The Torch is a weekly newsletter from the Committee to Protect Journalists that brings you the latest press freedom and journalist safety news from around the world. Subscribe here.
In recent weeks in Afghanistan, the Taliban has physically attacked journalists, raided homes, and forced female state TV anchors off the air. As they seek safety, Afghan journalists fear for their lives, going into hiding and deleting their social media presences to avoid being targeted.
Since the Taliban took control of Afghanistan this month, CPJ has registered and vetted the cases of nearly 400 journalists in need of evacuation, and is reviewing thousands of additional requests. CPJ and more than 50 other civil society organizations called on G-7 countries to protect and evacuate journalists and media workers in Afghanistan and called for the U.S. and allies to remain in Kabul beyond the August 31 deadline for U.S. troop withdrawal.
Global press freedom updates
- Taliban fighters beat and whip journalists in Afghanistan
- Chinese journalist Zhang Zhan hospitalized after her health declines in prison
- Chinese authorities detain and indict 11 for contributing to The Epoch Times
- Mexican journalist Jacinto Romero shot and killed in Veracruz. Separately, Mexican reporter Maria Teresa Montaño abducted, robbed, and threatened
- Daphne Caruana Galizia’s family spoke to CPJ about protecting journalists in Malta
- Turkish journalist Aydın Taş found dead in Ankara
- Journalists Htet Htet Khine and Sithu Aung Myint arrested in Myanmar
- Russian authorities add Dozhd, IStories to ‘foreign agents’ register
- Sri Lanka police repeatedly interrogate journalist Punniyamoorthy Sasikaran
- Cuba passes regulations criminalizing online content
- CPJ joins organizations in calling on international groups to address press freedom in Nicaragua
- CPJ issues statement on U.S. Justice Department decision to prosecute assaults on journalists during the U.S. Capitol riots
Friday will mark three years since Kashmir Narrator journalist Aasif Sultan was formally arrested, followed by bogus anti-state charges. He has been denied due process, subject to delay after court delay, and now faces the threat of COVID-19 behind bars. Sultan should never have been behind bars to begin with. Join us in calling to #FreeAasifSultan.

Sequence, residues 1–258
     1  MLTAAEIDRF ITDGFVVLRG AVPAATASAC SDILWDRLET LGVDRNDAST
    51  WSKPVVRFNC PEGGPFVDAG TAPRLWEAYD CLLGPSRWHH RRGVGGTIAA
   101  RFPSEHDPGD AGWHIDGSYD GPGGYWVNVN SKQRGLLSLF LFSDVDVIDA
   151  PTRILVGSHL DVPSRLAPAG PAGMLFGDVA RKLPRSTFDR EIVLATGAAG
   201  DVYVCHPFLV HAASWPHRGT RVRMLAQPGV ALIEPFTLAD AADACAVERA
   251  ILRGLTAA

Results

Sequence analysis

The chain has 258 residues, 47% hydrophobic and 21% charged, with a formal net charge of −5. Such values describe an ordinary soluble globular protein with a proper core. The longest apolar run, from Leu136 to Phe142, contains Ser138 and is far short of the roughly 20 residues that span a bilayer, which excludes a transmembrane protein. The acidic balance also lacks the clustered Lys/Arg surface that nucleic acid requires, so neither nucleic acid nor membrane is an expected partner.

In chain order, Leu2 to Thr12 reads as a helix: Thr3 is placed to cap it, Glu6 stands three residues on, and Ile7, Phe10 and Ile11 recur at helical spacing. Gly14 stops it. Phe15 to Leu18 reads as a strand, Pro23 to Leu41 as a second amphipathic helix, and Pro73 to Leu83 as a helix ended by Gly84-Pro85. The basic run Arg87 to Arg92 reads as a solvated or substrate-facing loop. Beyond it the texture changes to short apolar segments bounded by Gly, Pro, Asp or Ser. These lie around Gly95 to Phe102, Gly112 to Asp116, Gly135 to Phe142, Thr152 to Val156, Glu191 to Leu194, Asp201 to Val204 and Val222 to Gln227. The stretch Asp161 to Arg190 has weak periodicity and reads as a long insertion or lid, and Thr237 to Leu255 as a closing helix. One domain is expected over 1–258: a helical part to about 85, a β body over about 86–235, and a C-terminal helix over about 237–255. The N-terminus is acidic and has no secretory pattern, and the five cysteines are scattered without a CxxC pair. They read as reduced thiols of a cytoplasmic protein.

In other grim milestones, American journalist Danny Fenster will have been imprisoned in Myanmar for 100 days on August 31, one of the dozens of journalists arrested in Myanmar by military authorities since the February coup. Add your voice and sign this petition to help #BringDannyHome.
A closer look | CPJ’s most-read features in August
- ‘Complex, fast changing, and extraordinarily dangerous’: PBS’ Jane Ferguson on the ground in Kabul — Steven Butler/CPJ Asia Program Coordinator
- Afghan female journalist: I may not be alive by the time US can evacuate me — Naomi Zeveloff/CPJ Features Editor
- Iranian journalists remain vulnerable in exile, says formerly imprisoned columnist Nejat Bahrami — CPJ Middle East and North Africa Program
- Former Capital Gazette editor on justice and healing after worst newsroom shooting in U.S. history — Katherine Jacobsen/CPJ U.S. and Canada Program Coordinator
- David Kaye on the Pegasus Project and why surveillance reform should reach beyond NSO Group and Israel — Madeline Earp/CPJ Consultant Technology Editor
- Reuters photographer was killed after being left behind in retreat, Afghan general says — Stephen Grey, Charlotte Greenfield, Devjyot Ghoshal, Alasdair Pal, and Reade Levinson, Reuters
- The story behind the world’s longest detained journalist held 20 years without trial — Mildred Europa Taylor, Face2Face Africa
- Killing the story: How the Kashmiri press was silenced after the region lost autonomy — Ipsita Chakravarty, Reuters Institute for Journalism
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